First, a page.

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Distinguished Professors

CONWAY, Ark. (April 18, 2008) – Hendrix College recently appointed three professors to distinguished professorship positions. Distinguished professorships carry an increase in salary as well as access to professional development funds and are typically held until retirement.

The three new distinguished professors are:

  • Jay Barth has been named the M. E. and Ima Graves Peace Distinguished Professor of Politics.  An Associate Professor of Politics and Hendrix alum, Barth received a Ph.D. from the University of North Carolina at Chapel Hill with a specialization in Southern politics in the 20th century.  He was a recipient in 2000-2001 of the Steiger Congressional Fellowship awarded by the American Political Science Association, and in 1998 was presented the American Political Science Foundation and Pi Sigma Alpha Award for Outstanding Teaching in Political Science.  He has received the Faculty Appreciation Award, presented by the Senior Class of Hendrix College, four times, and in 2007 was named the Arkansas Teacher of the Year by the Carnegie Foundation.  Among his extensive publications is Arkansas Politics and Government:  Do the People Rule? (2nd edition 2005, U. of Nebraska Press), co-authored with the late Diane D. Blair of the University of Arkansas at Fayetteville.  He joined the Hendrix faculty in 1994.  Barth succeeds Professor of English Bland Crowder, who entered phased retirement in 2007, as the holder of the Peace Professorship.
  • The new Harold and Lucy Cabe Distinguished Professor of Politics and International Relations is Ian King. King received his B.A. from the University of Hull (England) and his Ph.D. from the University of Minnesota, joining the Hendrix faculty in 1985 and has served twice as department chair.  A Fulbright-Hays Fellow to Egypt in 1997, he is the author of four books, most recently The Political Theory of Darwinism:  Zoon Politikon and the Evolutionary Case for Social Democracy (Edwin Mellen Press, 2008).  He received a grant from the National Endowment for the Humanities in 1989 and the Exemplary Teachers Award from the Council on Higher Education and Ministry of the United Methodist Church in 1989.  The previous holder of the Cabe Professorship was Professor of History Garrett McAinsh, who is retiring at the end of the 2007-2008 academic year.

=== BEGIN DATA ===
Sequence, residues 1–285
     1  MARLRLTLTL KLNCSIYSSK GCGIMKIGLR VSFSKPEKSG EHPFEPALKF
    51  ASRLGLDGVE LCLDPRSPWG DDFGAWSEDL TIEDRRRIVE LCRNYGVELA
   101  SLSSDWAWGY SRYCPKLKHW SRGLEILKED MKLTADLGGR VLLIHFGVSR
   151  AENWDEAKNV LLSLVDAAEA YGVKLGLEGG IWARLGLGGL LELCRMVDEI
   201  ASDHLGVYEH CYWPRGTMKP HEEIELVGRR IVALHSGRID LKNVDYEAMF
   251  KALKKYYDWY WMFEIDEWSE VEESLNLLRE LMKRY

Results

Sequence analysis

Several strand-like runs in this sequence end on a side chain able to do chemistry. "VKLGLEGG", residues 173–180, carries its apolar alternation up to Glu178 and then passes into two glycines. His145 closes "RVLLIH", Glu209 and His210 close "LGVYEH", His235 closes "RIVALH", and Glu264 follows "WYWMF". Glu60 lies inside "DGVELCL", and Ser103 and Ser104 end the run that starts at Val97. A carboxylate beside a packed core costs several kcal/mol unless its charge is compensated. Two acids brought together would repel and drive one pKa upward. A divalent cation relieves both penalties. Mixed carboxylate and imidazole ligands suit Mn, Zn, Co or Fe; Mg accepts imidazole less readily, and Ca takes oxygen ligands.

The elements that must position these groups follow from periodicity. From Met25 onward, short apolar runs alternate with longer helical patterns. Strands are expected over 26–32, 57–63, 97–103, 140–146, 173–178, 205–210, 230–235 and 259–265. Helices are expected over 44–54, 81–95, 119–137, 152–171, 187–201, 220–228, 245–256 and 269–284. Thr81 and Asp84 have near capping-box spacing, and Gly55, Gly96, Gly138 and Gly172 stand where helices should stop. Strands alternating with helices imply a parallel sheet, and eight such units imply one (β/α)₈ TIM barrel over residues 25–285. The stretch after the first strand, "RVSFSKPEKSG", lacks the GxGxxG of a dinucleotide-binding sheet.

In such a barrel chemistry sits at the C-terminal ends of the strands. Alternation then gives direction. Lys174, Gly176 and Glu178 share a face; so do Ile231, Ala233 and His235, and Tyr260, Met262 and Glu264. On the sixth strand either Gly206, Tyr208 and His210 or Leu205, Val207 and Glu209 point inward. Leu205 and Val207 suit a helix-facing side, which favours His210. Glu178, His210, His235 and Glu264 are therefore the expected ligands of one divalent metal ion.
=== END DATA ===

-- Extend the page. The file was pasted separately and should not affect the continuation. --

• Jay McDaniel, who received a B.A. from Vanderbilt University and a Ph.D. from Claremont Graduate University, is the new Willis T. Holmes Professor of Religion.  A member of the Hendrix faculty since 1979, McDaniel is currently chair of the Department of Religion and Director of the Steel Center for the Study of Religion and Philosophy.  A specialty in Process or Whiteheadian thought, McDaniel has authored or edited eight books, including With Roots and Wings:  Christianity in an Age of Ecology and Dialogue, Living from the Center:  Spirituality in an Age of Consumerism, and Gandhi’s Hope:  Learning from Other Religions as a Path to Peace.  He has been instrumental in establishing an exchange program between Hendrix and Heilongjiang University in Harbin, China. As recepient of the Holmes Professorship, McDaniel succeeds Professor of Chemistry Warfield Teague, who is retiring at the end of the 2007-2008 academic year.

These three join three continuing holders of distinguished professorships at Hendrix:  Tom Goodwin, Elbert E. Fausett Distinguished Professor of Chemistry; Bruce Haggard, Virginia A. McCormick Pittman Distinguished Professor of Biology; and Alice Hines, C. Louis and Charlotte Cabe Professor of English. 

Hendrix, founded in 1876, is a selective, residential, undergraduate liberal arts college emphasizing experiential learning in a demanding yet supportive environment. The college is among 165 colleges featured in the 2008 edition of the Princeton Review America’s Best Value Colleges. Hendrix has been affiliated with the United Methodist Church since 1884. For more information, visit